The Sweet bassist Steve Priest dies aged 72

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Family did not share a cause of death for the glam rock star, who had 13 Top 20 hits in the 1970s

Laura Snapes  –  The Guardian

The Sweet pictured in 1971 … (L-R) Andy Scott, Mick Tucker, Brian Connolly and Steve Priest. Photograph: Cine Text / Allstar/Sportsphoto Ltd. / Allstar

Steve Priest, bassist and vocalist with glam rock band The Sweet, has died age 72. His bandmates confirmed the news, sharing a statement from the family. The cause of death is not yet known.

Bandmate Andy Scott paid tribute to Priest, describing him as the best bass player he had ever played with. “From that moment in the summer of 1970 when we set off on our musical odyssey the world opened up and the roller coaster ride started.”

David Ellefson of Megadeth said that Priest was “without parallel”. He said that The Sweet “gave me one of my earliest memories of great hard rock on the radio as a kid and [1974’s] Desolation Boulevard still holds up as one of rock’s greatest albums from that period.”

The Sweet were key figures in the glam rock era, scoring 13 Top 20 hits in the 1970s. Priest joined the fledgling group, then known as The Sweetshop, in the late 60s. After a false start on Parlophone at the turn of the 70s, they signed to RCA worldwide and had their first hit with Funny Funny in 1971.

It would take them a year to repeat that kind of impact, finally igniting a run of chart success with the singles Little Willy and Wig-Wam Bam. They left behind their early bubblegum aesthetic to embrace the outre stylings of the budding glam movement, often to hostile response from fans unfamiliar with men in makeup.

But Priest soon became known and beloved by fans for his playful demeanour. He became “the instigator of androgynous mischief”, wrote Simon Reynolds in Shock and Awe: Glam Rock and Its Legacy. “Milky skin, wavy red hair, puckered lips… ‘I looked like a 12-year-old girl’, Priest later recalled.

He got in hot water when he appeared in German military uniform and sporting a Hitler-style moustache on the 1973 Christmas edition of Top of the Pops. “It’s amazing how everyone still talks about the Nazi uniform,” he said in 2010. “Good old BBC wardrobe department. People always want to know if I was serious. I mean, a gay Hitler. Hello?!”

The group enjoyed the spoils of success. “If it breathed and was female, it was fair game,” Priest told the Guardian. “The 70s were magical. They were like the 60s, only crazier. God knows how we got away with it.”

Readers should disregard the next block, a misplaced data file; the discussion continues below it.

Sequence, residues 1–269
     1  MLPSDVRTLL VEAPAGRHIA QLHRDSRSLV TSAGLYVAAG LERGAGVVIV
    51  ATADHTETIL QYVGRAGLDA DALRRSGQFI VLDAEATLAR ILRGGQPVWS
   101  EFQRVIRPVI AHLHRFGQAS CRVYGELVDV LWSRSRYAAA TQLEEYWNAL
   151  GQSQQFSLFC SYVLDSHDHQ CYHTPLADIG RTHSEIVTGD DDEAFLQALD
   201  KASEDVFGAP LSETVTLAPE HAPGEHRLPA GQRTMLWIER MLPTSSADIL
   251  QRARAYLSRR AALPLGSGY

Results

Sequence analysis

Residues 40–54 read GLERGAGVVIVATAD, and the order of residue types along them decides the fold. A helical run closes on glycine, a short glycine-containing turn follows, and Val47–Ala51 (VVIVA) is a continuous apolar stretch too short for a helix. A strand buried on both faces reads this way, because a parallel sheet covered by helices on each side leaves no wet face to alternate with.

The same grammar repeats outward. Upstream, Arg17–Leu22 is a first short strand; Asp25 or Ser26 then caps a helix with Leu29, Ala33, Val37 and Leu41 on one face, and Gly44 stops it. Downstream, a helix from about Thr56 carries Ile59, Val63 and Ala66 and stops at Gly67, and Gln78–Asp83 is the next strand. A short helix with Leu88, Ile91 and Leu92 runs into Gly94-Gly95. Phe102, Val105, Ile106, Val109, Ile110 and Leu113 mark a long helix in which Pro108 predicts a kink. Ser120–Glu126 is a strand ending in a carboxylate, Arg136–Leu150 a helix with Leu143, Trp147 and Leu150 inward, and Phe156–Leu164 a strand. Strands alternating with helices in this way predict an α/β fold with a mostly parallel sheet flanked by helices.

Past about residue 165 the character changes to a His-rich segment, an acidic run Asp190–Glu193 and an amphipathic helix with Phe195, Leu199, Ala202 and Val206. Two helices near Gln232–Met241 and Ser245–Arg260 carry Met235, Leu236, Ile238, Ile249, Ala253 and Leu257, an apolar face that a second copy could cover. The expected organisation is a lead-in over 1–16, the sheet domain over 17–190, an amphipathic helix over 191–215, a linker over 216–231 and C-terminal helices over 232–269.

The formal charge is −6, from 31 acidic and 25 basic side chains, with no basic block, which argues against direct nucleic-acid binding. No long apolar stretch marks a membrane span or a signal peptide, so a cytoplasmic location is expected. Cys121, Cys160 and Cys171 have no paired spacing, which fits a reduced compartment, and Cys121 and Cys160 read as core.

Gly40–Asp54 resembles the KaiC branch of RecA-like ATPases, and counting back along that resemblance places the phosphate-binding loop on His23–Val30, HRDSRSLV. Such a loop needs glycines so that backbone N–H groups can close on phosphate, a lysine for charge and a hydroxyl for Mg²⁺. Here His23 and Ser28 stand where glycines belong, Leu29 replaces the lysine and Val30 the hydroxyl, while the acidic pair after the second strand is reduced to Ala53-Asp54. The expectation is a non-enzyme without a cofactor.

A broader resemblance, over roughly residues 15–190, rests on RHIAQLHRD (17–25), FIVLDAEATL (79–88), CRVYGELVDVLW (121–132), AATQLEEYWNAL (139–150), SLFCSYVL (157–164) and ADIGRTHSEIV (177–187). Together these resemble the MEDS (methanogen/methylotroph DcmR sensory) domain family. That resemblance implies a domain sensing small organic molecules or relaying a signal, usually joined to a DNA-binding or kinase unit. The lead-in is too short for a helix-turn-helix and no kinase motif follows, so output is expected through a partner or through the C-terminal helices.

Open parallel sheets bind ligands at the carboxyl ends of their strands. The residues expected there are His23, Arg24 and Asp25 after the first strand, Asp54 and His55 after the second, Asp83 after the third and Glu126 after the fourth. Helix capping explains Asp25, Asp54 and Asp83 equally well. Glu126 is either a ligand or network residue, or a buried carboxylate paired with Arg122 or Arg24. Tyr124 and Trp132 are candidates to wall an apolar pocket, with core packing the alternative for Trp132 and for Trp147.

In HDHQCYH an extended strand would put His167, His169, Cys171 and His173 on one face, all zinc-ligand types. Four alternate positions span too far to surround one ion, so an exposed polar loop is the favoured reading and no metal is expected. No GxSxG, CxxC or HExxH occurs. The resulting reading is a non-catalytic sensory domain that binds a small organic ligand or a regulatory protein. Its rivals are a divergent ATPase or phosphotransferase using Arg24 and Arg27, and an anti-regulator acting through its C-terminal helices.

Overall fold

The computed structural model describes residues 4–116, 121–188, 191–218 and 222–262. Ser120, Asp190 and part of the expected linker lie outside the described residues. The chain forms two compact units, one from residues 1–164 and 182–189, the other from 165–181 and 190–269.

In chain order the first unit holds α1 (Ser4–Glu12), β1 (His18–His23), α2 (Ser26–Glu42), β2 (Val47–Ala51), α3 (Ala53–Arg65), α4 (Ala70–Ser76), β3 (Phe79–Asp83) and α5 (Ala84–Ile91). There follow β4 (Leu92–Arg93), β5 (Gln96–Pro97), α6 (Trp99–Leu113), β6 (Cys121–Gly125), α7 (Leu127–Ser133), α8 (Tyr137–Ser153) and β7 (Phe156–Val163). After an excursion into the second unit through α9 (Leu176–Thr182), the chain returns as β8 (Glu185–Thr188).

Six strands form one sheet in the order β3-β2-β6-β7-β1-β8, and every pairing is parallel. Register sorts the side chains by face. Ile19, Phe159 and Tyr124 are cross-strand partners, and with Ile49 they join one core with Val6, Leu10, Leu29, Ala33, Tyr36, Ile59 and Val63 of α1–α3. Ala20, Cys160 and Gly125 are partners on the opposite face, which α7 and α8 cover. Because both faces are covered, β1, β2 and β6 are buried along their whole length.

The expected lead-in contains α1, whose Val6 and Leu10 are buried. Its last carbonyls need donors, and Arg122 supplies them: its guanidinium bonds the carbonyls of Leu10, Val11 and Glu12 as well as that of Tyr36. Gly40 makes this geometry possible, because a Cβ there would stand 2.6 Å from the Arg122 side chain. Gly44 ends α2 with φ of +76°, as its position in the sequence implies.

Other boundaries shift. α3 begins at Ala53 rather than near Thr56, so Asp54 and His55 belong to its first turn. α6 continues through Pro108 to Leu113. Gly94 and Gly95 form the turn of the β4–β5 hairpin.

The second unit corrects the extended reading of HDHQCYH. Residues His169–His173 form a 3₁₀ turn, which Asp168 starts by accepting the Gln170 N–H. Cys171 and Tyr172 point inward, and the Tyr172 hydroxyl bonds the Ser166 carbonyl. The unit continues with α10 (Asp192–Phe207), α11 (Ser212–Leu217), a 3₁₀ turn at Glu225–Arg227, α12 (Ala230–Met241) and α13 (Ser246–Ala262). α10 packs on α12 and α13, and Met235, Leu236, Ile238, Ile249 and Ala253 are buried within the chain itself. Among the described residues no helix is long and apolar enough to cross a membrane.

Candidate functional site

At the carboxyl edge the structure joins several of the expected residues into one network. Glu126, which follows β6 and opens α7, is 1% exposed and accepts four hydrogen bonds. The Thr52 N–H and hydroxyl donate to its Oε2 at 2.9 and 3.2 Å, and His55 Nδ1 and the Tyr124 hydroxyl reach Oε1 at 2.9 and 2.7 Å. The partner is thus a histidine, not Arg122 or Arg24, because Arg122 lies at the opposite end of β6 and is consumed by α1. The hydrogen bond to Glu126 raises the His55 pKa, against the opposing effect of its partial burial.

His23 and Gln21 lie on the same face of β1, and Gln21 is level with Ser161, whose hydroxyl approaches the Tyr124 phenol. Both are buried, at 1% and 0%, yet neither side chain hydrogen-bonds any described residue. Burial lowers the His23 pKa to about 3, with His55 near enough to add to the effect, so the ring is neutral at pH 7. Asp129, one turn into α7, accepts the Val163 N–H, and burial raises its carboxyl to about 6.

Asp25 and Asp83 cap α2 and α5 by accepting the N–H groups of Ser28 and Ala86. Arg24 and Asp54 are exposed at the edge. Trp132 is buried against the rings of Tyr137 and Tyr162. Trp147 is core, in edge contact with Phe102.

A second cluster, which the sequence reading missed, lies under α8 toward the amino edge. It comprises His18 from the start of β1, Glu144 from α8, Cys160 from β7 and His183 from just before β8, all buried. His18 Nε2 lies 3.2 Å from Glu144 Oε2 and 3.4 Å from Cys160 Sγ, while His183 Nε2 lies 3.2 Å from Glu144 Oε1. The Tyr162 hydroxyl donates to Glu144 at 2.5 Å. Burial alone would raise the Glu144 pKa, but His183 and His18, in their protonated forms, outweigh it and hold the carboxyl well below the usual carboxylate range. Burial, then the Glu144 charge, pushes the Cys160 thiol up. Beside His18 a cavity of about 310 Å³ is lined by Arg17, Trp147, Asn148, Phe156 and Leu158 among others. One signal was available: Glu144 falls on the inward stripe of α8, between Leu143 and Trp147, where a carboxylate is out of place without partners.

Towards the middle of the decade, they embraced a harder sound – one unintentionally entrenched after frontman Brian Connolly sustained a throat wound in a fight in Staines and emerged with a rougher singing style. His confidence shattered, he began drinking heavily.

His injuries meant the band had to turn down a personal invitation to support their heroes The Who at Charlton Athletic football ground in May 1974, which they believed would have transformed their reputation from “a superficial glam machine” to “serious rock contenders”, said critic David Cavanaugh.

 

After Connolly departed the group in 1978, Priest took over lead vocal duties for the remainder of the group’s first incarnation. They disbanded in 1981, having taken a year off after drummer Mick Tucker’s wife drowned in the bath in 1979.

Over subsequent decades, the group would reunite regularly in a number of conflicting incarnations: Priest had the right to use the band’s name in the US and Canada, whereas guitarist Andy Scott toured a version of the group in the UK. The pair were estranged for decades, but resumed contact in the 2010s. Scott said the pair mooted a reunion for the band’s 50th anniversary, although this never came to pass.

Priest was born in Hayes, Middlesex, on 23 February 1948. He is survived by his wife, Maureen, whom he married in 1981 as the band was approaching disbandment, and their three daughters. Maureen, née O’Connor, was a director of publicity for Capital and EMI in New York.

 

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